They don’t use samples anymore, but rather the entire data set. And they don’t try to construct algorithms or logic trees to predict an event they just look through the data for correlations.

As Mayer-Schoenberger and Cukier point out, if the computers can make predictions based on data analysis, should we prevent bad actions by arresting people before they act? Remember the movie “Minority Report?”

But it’s not just fiction. The NSA program Prism aims to identify suspicious patterns to allow the government to prevent terrorism, that is to act before an attack takes place.

A research project at the Department of Homeland Security that tried to predict terrorist behavior based on people’s vital signs, physiological patterns, was 70 percent accurate, according to the authors.

As far as we know, the U.S. government has broken no laws with all of this surveillance. It has followed all established procedures. Congress approved this program, though it did so in secret, writing laws that aren’t public.

Shouldn’t we know more about the actual checks and balances for this kind of surveillance?

The larger question Big Data raises though is this, should any government be permitted to use computer analysis, even if highly accurate, to observe, inform, quarantine or even arrest people simply because they are likely to do something bad?

That seems like a scenario from a horrifying sci-fi thriller. Yet here we are, very close to a real-world version.”

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House Minority Leader Nancy Pelosi (D-CA) drew boos and heckling from members of the crowd at a progressive conference on Saturday while defending President Barack Obama’s administration and the recently-discovered surveillance policies by the National Security Agency (NSA).

About 47 minutes into Pelosi’s speech at Netroots in San Jose, California, a growing commotion can be heard coming from the audience. While moderator and MSNBC contributor Zerlina Maxwell urged the audience to submit questions online instead of shouting, Pelosi continued, saying, “I think it’s really important to subject all of this to the transparent and harshest scrutiny, to say, ‘We want a balance between privacy and security.’”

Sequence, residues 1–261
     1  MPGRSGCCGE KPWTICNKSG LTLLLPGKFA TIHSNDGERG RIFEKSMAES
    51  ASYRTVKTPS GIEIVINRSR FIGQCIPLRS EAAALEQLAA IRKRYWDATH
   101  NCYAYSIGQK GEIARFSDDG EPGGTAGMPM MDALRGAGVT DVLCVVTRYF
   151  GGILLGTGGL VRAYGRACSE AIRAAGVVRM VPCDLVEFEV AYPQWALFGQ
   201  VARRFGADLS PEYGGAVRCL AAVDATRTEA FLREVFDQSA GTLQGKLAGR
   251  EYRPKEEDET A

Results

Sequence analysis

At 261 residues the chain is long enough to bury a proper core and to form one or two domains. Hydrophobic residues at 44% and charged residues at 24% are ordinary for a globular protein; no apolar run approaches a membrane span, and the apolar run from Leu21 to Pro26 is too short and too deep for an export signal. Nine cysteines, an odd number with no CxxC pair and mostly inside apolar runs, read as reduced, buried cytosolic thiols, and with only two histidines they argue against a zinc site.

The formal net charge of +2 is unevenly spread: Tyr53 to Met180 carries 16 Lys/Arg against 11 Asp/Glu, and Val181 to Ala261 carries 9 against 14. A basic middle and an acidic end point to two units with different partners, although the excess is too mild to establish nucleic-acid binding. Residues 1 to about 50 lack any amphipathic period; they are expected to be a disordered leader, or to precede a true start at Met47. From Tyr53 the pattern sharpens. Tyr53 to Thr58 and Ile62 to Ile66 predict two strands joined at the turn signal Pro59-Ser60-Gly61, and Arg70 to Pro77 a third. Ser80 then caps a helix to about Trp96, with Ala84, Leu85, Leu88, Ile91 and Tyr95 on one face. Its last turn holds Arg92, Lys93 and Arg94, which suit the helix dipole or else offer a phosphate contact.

At that point, a man identified by Politico as 57-year-old Marc Perkel can be heard shouting, “It’s not a balance. It’s not constitutional! No more secret laws!”

Perkel was ejected from the room by security, while other audience members shouted for him to be left alone. Shortly thereafter, loud boos can be heard coming from the audience after she said former NSA contractor Edward Snowden ” did violate the law” in releasing details about NSA programs like PRISM. The government charged Snowden with crimes related to the Espionage Act on Friday.

“I know that some of you attribute heroic status to that action,” she said of Snowden’s leaks to the Guardian and the Washington Post. “But, again, you don’t have the responsibility for the security of the United States. Those of us who do have to strike a different balance.”

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John Oliver speaking about the NSA spying “And, we’ve essentially got nothing to hold the government back, stronger than a rubber stamp court.”

Barack Obama June 7 2013 “There are a whole range of safeguards involved….Congress is continually briefed on how these are conducted.”

Oliver “Oh, that’s lovely.  So now, instead of being spied on by the executive branch, it turns out that we’re being spied on by all the branches.  I think you’re misunderstanding the perceived problem here, mister President.  No one is saying that you broke any laws.  We’re just saying, it’s a little bit weird that you didn’t have to.”



Posted June 11, 2013 by tmusicfan in Politics, Quote of the Day